Juneau District Heating will be the first Seawater Heat Pump District Heating System in North America. We have partnered and modeled our design after the successful installation by Emerson in Drammen Norway which was the first such facility in the world.
JUNEAU…A Leader In Innovation.
Juneau is an innovative and forward thinking community with a history of leading the world in many innovations from early hard rock mining, to electrification of vessels. Juneau already heats the Juneau NOAA Ted Stevens Marine Research Center with low temperature seawater heat pumps saving NOAA hundreds of thousands of energy dollars every year. Now Juneau will expand this technology with a new generation of high temperature seawater heat pumps to heat all of downtown Juneau. Modeled after the highly successful implementation of this technology in Drammen, Norway, this will be the first instance of this technology in the US.
The reality is that there are commercially available low heat pump systems that can deliver temperatures to 130° F degrees, to service new construction. However, before Emerson’s patented solution, there was no economical carbon neutral way to deliver high heat inputs to service the majority of older and often still new buildings that require high heat inputs. Supplying high heat above 180°F removes the need for buildings to undergo extensive and cost prohibitive hydronic system retrofits. The Emerson Seawater Heat Pump is the only heat pump in the world capable of heating a freshwater heating distribution loop to temperatures above 180°F that can easily and inexpensively couple into existing high heat building hydronic systems, which are prevalent in the U.S.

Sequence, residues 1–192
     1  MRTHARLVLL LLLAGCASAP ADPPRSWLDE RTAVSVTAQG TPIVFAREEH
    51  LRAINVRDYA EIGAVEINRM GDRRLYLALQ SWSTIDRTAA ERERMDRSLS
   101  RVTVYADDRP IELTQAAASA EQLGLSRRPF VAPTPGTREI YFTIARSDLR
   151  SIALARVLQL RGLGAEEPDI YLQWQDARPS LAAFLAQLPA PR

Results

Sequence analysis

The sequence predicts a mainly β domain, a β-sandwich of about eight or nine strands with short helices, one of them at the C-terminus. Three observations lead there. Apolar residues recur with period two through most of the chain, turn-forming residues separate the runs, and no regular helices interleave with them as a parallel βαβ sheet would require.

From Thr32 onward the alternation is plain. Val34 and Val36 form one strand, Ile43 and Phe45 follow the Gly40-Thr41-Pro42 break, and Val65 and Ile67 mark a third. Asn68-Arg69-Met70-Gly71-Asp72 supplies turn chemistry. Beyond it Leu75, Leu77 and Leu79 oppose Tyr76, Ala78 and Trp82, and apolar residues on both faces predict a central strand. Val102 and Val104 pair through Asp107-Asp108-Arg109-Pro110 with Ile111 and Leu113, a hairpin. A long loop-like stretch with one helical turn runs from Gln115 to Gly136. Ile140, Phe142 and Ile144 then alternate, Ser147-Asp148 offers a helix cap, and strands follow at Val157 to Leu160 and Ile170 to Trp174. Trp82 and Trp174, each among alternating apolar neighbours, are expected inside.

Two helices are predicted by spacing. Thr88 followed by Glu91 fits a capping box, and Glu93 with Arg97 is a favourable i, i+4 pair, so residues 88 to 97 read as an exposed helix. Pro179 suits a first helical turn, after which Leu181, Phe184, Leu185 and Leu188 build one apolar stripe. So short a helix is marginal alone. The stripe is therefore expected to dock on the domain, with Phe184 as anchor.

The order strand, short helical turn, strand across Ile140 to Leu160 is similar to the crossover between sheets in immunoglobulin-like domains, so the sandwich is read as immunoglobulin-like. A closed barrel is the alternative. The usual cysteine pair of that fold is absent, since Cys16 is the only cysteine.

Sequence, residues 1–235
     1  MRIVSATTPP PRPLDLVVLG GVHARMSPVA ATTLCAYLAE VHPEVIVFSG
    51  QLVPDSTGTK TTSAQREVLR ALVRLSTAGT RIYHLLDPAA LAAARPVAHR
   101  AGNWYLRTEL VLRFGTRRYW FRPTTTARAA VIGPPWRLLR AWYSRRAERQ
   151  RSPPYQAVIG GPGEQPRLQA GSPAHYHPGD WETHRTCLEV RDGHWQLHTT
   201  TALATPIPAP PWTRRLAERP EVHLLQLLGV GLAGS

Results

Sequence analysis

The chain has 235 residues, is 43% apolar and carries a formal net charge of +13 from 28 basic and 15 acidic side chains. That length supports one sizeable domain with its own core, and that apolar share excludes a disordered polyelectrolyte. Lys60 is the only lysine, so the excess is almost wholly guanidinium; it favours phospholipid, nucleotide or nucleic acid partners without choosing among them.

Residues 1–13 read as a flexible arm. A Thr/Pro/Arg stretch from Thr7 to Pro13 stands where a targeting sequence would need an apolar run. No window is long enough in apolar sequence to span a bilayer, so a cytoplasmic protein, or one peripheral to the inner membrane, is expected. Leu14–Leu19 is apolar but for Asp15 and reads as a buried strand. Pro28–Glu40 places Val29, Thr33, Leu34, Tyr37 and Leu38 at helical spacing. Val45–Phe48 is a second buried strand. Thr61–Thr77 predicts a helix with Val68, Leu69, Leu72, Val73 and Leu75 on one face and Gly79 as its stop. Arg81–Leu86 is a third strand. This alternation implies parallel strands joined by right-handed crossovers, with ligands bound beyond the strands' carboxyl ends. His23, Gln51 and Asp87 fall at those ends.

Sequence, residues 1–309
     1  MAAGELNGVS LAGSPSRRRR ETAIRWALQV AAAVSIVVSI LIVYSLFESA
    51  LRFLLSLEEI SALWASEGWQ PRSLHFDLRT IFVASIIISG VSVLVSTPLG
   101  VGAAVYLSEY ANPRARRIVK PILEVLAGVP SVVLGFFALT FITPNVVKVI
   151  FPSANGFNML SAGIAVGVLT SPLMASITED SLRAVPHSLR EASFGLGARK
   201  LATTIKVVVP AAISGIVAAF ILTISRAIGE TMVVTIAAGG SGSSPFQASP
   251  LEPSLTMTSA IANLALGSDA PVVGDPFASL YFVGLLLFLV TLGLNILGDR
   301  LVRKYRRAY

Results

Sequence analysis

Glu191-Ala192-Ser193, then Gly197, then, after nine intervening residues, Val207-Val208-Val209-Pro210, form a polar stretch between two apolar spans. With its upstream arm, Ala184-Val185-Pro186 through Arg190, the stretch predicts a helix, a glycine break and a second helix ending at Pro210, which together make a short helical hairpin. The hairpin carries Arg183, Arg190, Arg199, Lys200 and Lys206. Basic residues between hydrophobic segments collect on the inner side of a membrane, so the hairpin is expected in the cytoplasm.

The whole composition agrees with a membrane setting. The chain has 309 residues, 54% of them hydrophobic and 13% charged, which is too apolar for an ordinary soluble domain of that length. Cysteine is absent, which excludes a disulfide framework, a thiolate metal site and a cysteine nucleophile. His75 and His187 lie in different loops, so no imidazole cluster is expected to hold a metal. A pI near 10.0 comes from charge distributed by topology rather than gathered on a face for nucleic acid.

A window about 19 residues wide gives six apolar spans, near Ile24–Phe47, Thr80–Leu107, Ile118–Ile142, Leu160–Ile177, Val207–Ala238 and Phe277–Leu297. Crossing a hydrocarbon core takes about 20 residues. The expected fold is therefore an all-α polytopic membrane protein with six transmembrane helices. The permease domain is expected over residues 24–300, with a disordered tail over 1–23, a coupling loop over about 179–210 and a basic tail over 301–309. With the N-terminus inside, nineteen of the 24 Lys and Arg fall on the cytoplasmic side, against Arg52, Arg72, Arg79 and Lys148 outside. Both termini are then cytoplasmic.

The State of Alaska has expressed interest in creating similar District Heating plants in other regions of Alaska using the Juneau District Heating system as a model. Coastal shore side communities will find the easiest fit with this technology due to their proximity to seawater, but any water heat source could be converted (i.e coal plant effluent). The combination of a 100% renewable energy input like the Sweetheart Lake Hydropower facility is a major and material factor. Current coastal District Heating systems, that burn fossil fuels in the US, could convert, either partially or fully, to seawater based heat pump technology by economically displacing higher cost fossil fuels.